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Sequential Compression Devices


Sequential compression devices (SCD) are used in intensive care to reduce the risk of deep vein thrombosis (DVT) in the lower limbs of critically ill patients. SCD are sometimes referred to as ‘calf compressors’. DVTs are a serious complication associated with being immobile for a period of time.

How Do They Work?

SCD consist of plastic sleeves with a number of compartments and a pump. These plastic sleeves are applied to the legs, usually over thromboembolic stockings. The pump inflates and deflates the compartments with air in a predetermined sequence. This applies pressure to the muscles of the legs and a corresponding sequential compression to the veins of the legs. This serial compression of the muscles and veins mimics the action of walking and results in moving blood through the veins towards the heart and preventing pooling of blood in the lower limbs. Pooling or stasis of blood in the lower limbs increases the risk of DVT.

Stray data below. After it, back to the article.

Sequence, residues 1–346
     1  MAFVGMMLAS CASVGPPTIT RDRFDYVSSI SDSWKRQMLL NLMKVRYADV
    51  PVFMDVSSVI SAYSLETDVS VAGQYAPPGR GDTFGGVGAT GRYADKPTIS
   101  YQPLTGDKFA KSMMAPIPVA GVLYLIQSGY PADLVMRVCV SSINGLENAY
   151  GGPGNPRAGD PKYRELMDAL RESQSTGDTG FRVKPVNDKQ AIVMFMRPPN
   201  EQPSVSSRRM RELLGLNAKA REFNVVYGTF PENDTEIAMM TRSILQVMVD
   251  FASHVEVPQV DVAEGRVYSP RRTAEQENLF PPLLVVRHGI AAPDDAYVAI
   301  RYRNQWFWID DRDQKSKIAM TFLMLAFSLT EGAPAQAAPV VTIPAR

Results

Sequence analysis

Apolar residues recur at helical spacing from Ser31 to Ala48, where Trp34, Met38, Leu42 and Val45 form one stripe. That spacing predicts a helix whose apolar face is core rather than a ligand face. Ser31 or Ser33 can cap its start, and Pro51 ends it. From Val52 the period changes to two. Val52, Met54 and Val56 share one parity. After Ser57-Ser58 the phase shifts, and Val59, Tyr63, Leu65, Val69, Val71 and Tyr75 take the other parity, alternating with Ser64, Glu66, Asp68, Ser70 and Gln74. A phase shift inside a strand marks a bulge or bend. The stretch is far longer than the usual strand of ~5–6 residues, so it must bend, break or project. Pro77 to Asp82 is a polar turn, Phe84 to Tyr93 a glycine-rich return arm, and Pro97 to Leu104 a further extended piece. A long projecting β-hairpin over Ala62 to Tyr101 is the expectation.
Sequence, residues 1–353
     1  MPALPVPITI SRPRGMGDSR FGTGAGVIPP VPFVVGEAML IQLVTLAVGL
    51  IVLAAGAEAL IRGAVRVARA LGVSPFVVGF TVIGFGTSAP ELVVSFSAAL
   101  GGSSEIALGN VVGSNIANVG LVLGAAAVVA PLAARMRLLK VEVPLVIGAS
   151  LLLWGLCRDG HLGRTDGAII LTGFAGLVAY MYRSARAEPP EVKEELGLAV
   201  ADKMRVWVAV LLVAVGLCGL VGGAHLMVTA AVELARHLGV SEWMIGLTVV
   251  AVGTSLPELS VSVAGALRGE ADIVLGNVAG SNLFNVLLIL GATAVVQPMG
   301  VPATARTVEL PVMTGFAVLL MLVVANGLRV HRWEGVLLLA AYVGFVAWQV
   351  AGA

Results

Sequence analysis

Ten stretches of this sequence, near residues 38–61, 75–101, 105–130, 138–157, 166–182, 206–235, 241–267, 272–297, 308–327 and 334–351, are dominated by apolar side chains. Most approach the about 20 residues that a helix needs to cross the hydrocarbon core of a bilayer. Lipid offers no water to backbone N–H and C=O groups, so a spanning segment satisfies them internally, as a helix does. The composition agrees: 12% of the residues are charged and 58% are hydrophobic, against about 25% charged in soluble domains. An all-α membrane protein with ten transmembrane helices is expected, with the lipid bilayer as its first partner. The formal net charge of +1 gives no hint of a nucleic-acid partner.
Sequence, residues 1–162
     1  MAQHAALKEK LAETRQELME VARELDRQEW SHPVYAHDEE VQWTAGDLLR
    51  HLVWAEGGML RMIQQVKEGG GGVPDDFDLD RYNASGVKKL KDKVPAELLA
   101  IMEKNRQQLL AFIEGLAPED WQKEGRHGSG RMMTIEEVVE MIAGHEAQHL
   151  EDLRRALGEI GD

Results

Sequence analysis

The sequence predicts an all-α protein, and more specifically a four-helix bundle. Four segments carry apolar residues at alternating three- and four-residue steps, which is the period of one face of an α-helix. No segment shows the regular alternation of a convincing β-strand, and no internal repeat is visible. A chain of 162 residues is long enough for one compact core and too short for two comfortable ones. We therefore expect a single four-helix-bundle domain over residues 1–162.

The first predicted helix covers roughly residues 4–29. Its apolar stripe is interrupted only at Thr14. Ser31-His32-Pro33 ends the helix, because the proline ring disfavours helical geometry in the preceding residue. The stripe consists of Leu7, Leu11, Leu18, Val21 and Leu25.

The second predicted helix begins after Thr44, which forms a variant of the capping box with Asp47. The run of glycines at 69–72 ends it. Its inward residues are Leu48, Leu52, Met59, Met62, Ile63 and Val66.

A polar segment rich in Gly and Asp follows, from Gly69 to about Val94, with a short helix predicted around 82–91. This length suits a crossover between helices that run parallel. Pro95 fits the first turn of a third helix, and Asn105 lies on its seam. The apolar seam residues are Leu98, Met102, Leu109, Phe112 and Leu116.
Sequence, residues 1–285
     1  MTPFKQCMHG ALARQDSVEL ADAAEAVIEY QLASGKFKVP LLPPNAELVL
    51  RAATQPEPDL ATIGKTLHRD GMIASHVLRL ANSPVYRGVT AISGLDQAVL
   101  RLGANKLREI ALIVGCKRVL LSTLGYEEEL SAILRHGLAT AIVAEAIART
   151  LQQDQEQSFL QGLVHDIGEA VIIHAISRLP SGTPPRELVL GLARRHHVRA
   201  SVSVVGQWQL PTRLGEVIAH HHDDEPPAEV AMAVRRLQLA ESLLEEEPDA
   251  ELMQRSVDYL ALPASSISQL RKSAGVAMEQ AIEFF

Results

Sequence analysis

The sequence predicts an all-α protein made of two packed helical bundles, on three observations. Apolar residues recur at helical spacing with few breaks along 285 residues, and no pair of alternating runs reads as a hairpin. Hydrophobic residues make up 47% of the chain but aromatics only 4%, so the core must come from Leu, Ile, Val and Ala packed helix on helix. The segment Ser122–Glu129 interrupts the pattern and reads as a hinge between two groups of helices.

SCD are relatively comfortable to wear and do not restrict leg movement.

Are There Any Complications?

All Intensive Care interventions and procedures carry a degree of potential risk even when performed by skilled and experienced staff. Please discuss these issues with the medical and nursing staff who are caring for the patient.

Any Questions?

Of course, if you have any questions or concerns, please discuss them with the ICU nurses and doctors.



Please note this translation is based on an earlier version of this description.



Sequential Compression Device - Version 2
Original published June 2004
This version February 2008

Author Kaye Rolls


The information contained on this page is general in nature and therefore cannot reflect individual patient variation. In addition it reflects Australian intensive care practice which may differ from other countries. It is meant as a back up to specific information which will be discussed with you by the Doctors and Nurses caring for your loved one. ICCMU attests to the accuracy of the information contained here BUT takes no responsibility for how it may apply to an individual patient. Please refer to the full disclaimer.

Last Updated on Thursday, 10 March 2011 15:46